„It´s the psychology, stupid!” one could paraphrase James Carville much cited remark. That´s because constructivism and social psychology hold that the inner workings of our minds and hearts heavily impact human relations, daily realities and our actions.
On that note, drawing on findings of psychoanalysis, evolutionary, cognitive, behavioural and neuropsycholgy social psychology illuminates the complex, sometimes evident, sometimes hidden mechanisms of individual and group experience.
It´s findings are both originated in and have in turn shaped such diverse theorists as Sigmund Freud, Theodor W. Adorno, Kurt Lewin, Erwin Goffmann, Paul Watzlawick, Aaron Beck and Daniel Bar-Tal that illuminate different aspects of the complex, sometimes hidden, sometimes evident mechanisms of individual and group relations that impact societies as a whole, political cultures and international relations.
To begin with: On an individual level, emotions, for instance, may function as prism for ideas, identities and beloning, they color human ties and can prompt people to commit brave or destructive actions. Also beliefs and selective knowledge (as components of stereotypes) may heavily influence our perception of the world by motivating distortion, selection and bias.
Moreover, such mechanisms appear enhanced on a group and intergroup level: Experimental psychology proves that simply belonginig to a certain group motivates positive emotions and a positive bias in interpreting ingroups actions, while there is a negative bias towards outgroups and outgroup members. Here, collective identities, norms and role models appear as pivotal for the mutual acknowledgement within the group members and the cohesion of the group as a whole.
Eventually, both levels help to illuminate what we can perceive on a social level: Ranging from small peer-groups, families, and political networks, to cultural communities and states, we can see how actors are guided by powerful norms and role models that lay the foundations of prestige, acknowledgement and mutual understanding: Taking the ideal images of the rational, clear-sighted man, the emotional and passive woman, the combative, belligerent party leader, the analytically-cryptic social scientist, or the investigative journalist that is only one step before uncovering the next scandal, we can see how prototypical models of how someone should „be“ and behave shape our evaluation of self and others. This is mostly a completely unconscious process. This is why only the deconstruction of these alleged self-evidence may clarify how normative role models impact social life, may impact political decision making, trigger populism or even kindle the most powerful idea of a „clash of civilizations“.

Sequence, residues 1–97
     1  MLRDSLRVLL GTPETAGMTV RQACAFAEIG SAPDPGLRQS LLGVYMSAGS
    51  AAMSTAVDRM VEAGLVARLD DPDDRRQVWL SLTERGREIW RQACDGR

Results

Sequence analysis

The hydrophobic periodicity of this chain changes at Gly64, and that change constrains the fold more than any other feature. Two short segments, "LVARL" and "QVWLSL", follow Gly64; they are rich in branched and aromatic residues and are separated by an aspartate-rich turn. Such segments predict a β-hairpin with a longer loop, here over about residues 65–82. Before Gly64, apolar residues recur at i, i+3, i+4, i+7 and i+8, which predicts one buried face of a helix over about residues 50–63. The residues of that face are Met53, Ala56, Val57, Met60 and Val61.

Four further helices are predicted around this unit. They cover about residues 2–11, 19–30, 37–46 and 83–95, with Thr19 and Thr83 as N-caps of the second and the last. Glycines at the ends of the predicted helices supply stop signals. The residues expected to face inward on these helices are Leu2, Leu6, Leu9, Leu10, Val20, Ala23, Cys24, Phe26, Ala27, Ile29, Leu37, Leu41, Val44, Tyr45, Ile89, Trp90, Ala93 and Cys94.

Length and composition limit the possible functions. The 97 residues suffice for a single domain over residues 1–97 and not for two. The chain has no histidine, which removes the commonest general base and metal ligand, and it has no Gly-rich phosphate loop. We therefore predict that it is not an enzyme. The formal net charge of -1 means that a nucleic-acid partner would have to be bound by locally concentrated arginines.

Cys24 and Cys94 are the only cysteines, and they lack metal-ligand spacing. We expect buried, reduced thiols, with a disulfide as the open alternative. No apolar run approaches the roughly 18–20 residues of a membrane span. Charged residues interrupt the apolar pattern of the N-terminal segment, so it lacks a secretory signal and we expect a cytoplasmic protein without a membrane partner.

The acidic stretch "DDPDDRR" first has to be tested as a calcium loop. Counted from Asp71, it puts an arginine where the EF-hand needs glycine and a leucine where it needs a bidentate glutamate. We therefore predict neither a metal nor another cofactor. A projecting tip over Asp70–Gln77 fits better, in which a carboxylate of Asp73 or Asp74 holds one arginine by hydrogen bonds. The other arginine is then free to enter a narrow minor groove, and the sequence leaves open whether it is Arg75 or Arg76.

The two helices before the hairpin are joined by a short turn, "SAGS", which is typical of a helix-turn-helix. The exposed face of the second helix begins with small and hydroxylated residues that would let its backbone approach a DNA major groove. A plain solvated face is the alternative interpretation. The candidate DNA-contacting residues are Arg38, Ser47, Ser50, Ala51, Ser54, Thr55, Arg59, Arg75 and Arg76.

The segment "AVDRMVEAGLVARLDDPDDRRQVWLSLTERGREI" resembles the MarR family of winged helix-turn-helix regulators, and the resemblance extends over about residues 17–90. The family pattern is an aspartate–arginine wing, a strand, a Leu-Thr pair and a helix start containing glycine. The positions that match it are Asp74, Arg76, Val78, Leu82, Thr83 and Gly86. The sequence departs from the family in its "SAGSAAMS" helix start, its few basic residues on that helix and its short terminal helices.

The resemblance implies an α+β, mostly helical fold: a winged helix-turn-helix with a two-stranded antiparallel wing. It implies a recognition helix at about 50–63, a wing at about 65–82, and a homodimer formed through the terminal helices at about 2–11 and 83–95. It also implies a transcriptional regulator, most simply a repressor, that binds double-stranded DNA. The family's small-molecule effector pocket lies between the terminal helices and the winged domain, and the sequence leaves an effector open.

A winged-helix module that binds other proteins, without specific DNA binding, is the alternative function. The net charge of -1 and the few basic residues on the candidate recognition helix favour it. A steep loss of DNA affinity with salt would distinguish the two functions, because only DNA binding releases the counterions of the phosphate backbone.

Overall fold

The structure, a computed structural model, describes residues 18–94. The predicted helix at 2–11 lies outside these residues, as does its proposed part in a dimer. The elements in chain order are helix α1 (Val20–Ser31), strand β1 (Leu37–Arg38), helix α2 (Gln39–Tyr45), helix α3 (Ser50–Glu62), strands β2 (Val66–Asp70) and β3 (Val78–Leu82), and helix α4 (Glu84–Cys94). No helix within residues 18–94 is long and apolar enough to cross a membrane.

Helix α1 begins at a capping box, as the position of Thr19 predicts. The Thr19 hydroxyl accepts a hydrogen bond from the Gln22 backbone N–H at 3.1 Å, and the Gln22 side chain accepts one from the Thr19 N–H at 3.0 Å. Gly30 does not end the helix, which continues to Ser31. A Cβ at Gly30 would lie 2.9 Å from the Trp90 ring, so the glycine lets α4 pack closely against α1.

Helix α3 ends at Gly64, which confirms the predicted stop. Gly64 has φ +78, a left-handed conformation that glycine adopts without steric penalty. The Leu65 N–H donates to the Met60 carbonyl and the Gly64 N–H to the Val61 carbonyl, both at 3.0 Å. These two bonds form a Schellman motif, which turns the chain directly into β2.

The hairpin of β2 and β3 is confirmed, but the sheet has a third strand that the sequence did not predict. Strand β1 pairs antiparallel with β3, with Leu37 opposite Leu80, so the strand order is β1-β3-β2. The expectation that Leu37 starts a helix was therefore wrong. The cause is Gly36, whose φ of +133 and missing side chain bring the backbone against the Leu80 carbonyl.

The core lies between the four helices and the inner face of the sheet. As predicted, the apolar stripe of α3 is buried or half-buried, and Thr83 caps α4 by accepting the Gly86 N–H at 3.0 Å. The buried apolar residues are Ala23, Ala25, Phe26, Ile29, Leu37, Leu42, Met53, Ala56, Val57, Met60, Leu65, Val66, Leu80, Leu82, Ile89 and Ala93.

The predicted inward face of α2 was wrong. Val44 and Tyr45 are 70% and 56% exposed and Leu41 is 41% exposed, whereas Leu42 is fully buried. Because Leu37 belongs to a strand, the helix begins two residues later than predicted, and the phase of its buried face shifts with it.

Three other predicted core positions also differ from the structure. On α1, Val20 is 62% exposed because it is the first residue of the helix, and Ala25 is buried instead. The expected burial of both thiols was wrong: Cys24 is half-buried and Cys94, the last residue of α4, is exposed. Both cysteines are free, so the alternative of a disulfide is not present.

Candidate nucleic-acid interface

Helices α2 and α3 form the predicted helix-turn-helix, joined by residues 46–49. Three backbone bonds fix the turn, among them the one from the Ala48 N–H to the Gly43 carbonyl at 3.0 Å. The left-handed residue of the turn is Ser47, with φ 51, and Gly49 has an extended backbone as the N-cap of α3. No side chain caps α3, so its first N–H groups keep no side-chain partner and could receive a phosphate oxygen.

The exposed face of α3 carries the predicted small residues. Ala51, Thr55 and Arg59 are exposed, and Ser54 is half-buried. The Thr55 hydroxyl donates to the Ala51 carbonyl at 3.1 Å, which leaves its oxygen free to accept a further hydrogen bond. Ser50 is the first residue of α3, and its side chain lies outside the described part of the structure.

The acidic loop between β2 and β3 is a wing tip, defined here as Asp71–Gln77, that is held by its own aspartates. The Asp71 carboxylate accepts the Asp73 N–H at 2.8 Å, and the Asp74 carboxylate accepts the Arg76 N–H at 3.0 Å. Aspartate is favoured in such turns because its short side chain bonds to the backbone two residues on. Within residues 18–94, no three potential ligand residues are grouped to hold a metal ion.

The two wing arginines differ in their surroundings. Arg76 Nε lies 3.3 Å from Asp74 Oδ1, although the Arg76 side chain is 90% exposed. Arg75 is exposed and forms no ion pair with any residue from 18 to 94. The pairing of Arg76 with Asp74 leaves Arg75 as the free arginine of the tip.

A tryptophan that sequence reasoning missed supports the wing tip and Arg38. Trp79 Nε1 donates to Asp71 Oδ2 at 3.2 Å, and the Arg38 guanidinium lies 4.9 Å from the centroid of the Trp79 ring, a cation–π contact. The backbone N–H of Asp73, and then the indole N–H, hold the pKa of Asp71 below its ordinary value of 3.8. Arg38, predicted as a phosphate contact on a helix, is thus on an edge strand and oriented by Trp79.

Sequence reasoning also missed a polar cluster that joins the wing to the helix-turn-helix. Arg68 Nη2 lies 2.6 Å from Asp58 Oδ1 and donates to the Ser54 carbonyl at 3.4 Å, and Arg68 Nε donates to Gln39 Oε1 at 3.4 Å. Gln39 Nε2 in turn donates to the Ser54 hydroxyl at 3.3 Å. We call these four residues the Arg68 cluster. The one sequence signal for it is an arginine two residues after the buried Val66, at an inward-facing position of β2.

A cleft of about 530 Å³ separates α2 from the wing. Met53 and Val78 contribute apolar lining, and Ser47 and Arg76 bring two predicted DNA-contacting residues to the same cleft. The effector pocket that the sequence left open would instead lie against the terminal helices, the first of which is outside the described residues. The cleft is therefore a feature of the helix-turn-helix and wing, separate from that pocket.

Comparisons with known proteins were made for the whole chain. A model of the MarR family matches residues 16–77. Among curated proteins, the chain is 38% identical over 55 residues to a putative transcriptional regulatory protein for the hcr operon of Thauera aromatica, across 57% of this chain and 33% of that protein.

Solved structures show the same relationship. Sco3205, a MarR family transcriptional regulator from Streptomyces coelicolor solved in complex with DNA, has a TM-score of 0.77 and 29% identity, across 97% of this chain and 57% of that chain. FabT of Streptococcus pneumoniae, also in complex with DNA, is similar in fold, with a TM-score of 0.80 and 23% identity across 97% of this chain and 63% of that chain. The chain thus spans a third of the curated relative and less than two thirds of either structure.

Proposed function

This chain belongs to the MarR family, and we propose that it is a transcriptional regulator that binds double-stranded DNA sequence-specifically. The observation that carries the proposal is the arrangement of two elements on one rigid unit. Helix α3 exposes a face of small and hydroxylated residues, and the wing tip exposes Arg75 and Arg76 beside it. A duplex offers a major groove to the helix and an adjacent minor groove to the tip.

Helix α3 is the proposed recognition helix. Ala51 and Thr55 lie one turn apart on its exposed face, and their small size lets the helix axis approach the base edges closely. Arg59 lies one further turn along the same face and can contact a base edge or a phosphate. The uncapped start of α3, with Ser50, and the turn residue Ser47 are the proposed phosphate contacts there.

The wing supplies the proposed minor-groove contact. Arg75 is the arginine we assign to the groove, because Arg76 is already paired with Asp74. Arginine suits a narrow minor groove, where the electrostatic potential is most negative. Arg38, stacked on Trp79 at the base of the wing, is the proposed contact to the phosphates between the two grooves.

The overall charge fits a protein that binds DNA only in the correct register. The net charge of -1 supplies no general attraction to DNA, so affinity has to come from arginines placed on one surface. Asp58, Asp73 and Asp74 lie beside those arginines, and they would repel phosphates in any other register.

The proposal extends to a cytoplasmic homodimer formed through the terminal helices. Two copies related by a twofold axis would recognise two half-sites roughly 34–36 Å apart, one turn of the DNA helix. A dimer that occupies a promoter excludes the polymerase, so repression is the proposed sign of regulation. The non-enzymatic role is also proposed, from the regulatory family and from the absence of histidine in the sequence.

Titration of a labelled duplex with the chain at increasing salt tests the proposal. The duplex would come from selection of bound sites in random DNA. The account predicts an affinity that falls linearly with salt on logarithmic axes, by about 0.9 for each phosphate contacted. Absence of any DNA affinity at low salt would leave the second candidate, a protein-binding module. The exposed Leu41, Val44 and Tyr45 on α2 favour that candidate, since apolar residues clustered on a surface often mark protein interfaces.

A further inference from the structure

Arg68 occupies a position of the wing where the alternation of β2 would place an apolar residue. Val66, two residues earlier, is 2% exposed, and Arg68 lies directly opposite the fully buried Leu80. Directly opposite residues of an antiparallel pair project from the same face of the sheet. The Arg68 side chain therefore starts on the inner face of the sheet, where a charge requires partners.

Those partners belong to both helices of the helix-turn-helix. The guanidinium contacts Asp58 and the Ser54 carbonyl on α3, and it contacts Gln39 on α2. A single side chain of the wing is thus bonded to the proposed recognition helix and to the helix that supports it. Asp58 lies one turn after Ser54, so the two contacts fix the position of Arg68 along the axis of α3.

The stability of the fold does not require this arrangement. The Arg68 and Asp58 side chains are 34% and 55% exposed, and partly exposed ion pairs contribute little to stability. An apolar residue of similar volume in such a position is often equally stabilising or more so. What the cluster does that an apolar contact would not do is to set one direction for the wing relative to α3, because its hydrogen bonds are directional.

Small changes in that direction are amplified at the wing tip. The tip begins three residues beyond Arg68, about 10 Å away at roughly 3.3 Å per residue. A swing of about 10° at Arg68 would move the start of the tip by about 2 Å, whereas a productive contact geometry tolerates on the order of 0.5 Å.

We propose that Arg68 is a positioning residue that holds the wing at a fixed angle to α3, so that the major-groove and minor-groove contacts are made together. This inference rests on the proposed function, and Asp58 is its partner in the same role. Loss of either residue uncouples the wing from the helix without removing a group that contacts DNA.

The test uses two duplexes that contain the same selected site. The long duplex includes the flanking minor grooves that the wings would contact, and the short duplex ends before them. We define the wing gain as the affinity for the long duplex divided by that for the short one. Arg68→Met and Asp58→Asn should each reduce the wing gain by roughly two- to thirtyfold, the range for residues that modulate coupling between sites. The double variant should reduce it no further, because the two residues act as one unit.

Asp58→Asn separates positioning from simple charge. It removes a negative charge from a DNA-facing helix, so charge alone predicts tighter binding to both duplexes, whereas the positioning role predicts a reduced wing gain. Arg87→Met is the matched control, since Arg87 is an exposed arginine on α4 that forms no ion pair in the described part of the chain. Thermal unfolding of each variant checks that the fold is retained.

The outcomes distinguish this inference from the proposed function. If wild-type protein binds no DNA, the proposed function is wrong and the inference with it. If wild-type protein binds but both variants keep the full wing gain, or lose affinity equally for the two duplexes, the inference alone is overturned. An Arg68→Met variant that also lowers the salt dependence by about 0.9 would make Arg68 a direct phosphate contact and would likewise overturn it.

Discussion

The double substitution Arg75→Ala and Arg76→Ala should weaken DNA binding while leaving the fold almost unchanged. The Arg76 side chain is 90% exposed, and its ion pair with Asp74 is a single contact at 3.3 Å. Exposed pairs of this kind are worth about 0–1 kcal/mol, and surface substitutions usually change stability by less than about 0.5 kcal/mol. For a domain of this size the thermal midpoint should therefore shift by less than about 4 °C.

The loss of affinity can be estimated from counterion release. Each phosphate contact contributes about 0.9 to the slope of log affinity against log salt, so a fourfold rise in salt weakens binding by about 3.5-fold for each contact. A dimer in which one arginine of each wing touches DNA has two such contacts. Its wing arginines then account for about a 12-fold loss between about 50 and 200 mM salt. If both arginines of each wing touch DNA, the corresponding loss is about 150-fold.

Our course will be twofold: In the first part we will discuss central concepts of social psychology, such as norms, identities, emotions, attitudes, persuation, group dynamics and their interaction as viewed through the lense of social emotion and identity theory.
In the second part be will discuss how these concepts impact peace and conflict within national and international relations. This will include the fields of gender, intercultural communication, and discourse analysis and their relevance for understanding intractable conflicts and their resolution. Thus, studens will get a profound and broad overview of the role of social psychology for understanding inter-human and international relations.
Students will be asked to independently apply the course´s theory to selected case studies.
There will be no oral presentations. Our course will be an „inverted classroom“, based on small homework tasks to be shortly presented in every class, on group work, social psychological experiments and in-depth discussion of the literature.